“For where your treasure is, there your heart will be also.” Matthew 6:1-6, 16-21 More than twenty plus years ago, I had a terrible “addiction” to potato chips. I didn’t realize how bad it was until one day I walked past a display of potato chip bags while in a Wawa store and my mouth started watering. I am not sure how long my body had been reacting this way, nor why on this particular day I somehow noticed it. But looking back on it, subconsciously I suppose it may have been because the season of Lent was approaching and I had been previously thinking that Lent had no real affect on me and was trying to decide whether I should have some participation in it that year. Up to that point the only thing I had ever done for Lent was to not eat meat on Fridays. I understand now that the reason this practice did not have any real affect on me was because it left fish in my diet and I loved eating fish, thus there was no sacrifice. To make maters worse, in spite of my Pavlovian response to the potato chip bags, I bought them anyway. A few days later after a scheduled doctor’s appointment, I had to come to grips with the fact that over one year I had gain 15 pounds and was heavier than I had ever been except for the time when I carried my children. It didn’t take me long to deduce that my eating habits were taking my body in a direction I knew I didn’t want to go. It was clear to me that salivating at the mouth was sign that I had been conditioned to the propensity for desiring potato chips. If I was going to achieve a healthier body, I needed to change my eating habits and potato chips were first on the list. Needless to say, Lent was tough for me that year – and yes I fell off the wagon, prayerfully only one time. But this is exactly what the season of Lent is about – consciously giving ourselves the opportunity to come face to face with our weaknesses and those things that have kept us from knowing more of God’s love for us – giving them over to God totally and completely – replacing our desire for the physical with our desire for the spiritual – forgiving ourselves when we fall – and returning with a repentant heart towards a forgiving God who is nothing less than gracious, merciful and abounding in steadfast love.
Something as delightful as a bag of potato chips had become an obstacle albeit a small one, but nonetheless and obstacle to my health. It’s easy to do in this world. But weaning ourselves off of physical things we have conditioned ourselves to become servants to is necessary if we intend to be servants of Christ. Like Paul we sometimes must commend (accept) ourselves in humility – in order that we may obtain the ultimate reward; as Paul says – having nothing and yet possessing everything.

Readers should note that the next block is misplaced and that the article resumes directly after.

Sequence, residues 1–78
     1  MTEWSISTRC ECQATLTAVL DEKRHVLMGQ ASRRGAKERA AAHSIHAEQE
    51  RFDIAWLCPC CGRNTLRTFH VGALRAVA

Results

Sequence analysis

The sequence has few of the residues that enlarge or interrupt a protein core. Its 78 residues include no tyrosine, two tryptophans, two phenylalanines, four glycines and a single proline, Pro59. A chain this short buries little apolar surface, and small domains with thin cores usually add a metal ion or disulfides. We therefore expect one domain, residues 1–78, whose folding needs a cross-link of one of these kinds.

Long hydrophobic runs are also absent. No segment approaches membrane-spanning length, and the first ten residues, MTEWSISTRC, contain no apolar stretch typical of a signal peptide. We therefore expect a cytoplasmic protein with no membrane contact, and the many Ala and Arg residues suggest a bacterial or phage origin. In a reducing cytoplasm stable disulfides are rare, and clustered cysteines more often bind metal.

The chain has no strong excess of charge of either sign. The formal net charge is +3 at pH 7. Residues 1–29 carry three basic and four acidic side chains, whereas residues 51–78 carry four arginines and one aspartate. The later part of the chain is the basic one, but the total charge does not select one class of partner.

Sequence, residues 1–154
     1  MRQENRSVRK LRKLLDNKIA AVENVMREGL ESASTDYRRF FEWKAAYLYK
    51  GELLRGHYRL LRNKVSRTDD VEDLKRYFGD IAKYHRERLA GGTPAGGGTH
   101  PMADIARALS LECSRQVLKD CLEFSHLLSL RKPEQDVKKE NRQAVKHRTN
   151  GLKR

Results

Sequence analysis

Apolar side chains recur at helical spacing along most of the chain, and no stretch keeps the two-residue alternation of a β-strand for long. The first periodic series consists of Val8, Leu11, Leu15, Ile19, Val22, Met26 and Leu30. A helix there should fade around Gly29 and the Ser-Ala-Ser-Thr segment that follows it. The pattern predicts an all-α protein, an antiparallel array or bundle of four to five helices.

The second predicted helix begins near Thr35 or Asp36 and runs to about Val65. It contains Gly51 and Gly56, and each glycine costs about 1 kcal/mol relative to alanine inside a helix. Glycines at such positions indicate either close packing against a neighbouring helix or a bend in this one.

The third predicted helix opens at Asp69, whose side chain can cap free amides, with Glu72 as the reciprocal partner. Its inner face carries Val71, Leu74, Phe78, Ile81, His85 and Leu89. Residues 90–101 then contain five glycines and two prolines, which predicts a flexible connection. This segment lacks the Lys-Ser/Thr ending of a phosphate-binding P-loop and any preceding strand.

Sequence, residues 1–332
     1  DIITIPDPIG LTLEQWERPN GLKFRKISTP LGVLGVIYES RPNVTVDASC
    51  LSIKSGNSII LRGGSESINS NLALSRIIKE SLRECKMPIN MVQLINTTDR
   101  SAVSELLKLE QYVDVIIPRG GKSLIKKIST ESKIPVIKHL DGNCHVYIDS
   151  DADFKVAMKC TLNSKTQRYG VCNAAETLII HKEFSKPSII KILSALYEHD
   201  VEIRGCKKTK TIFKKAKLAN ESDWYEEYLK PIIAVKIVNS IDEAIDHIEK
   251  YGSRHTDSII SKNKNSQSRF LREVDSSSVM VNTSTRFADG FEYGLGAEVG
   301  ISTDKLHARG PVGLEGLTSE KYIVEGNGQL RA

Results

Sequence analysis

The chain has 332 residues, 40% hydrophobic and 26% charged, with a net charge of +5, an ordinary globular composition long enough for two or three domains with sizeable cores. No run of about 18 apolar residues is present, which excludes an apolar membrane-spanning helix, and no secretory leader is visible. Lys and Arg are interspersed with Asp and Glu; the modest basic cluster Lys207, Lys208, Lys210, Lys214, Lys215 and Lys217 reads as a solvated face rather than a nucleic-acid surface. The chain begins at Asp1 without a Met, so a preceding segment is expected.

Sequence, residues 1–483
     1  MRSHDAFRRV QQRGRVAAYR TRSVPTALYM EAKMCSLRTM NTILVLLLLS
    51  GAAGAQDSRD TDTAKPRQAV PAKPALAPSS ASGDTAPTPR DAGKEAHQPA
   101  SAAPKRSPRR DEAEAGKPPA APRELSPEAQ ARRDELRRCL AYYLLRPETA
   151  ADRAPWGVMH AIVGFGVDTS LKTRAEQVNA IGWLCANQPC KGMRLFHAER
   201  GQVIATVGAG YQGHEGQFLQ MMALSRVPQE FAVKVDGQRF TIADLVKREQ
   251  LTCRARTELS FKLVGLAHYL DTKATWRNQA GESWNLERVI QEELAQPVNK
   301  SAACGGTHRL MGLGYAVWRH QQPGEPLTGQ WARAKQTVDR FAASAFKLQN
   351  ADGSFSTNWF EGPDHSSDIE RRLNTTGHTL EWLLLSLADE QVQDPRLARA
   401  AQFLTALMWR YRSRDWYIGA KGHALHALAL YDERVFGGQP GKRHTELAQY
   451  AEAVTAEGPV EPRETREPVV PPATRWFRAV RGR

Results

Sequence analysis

May He who came into the world to save sinners – strengthen each of us through this season and beyond to complete the fast with humility, share in the feast of his grace and mercy upon us – and in the end, raise us up into his glory. AMEN
“This fellow welcomes sinners and eats with them.” Luke 15:1-10 Many years ago I was asked what was the most important relationship in my life. While others responded that their relationship with a significant other or children as the most important, I responded that it was my relationship with God. I did wonder for a little while if my feelings were skewed or distorted in some way, but then I remembered that God’s love for me is perfect. The relationships I have with my spouse and children can not compete with that perfection. So it made sense to me to put what is perfect before what is imperfect. This perfect love that God has for me is what I strive for in my relationships. I wouldn’t know how to do that if God had not given Christ into the world (John 3:16; 10:7-10). Because we are imperfect as human beings, in every physical aspect of our lives – life, death and resurrection is an ongoing process until we reach spiritual perfection of eternal life. When we hurt, disappoint and frustrate one another is it not God’s love through Christ that calls us back into relationship (Mark 12:28-33)? This I believe is what the Pharisees and leaders like them today miss. While the physical law” (of Moses or any other law) disciplines, it does not love, it does not forgive. God’s law also disciplines, but it always loves, and always forgives. So my prayer for each of us today is that as we continue to grow in understanding of God’s perfect love for us, we grow and live into the manifestation of God’s perfect love for one another with the knowledge that we are imperfect yet always striving towards the goal that is perfect in Jesus Christ (Phil 3:2-15). “I tell you, there will be more joy in heaven over one sinner who repents than over ninety-nine righteous people who need no repentance.” Luke 15:1-10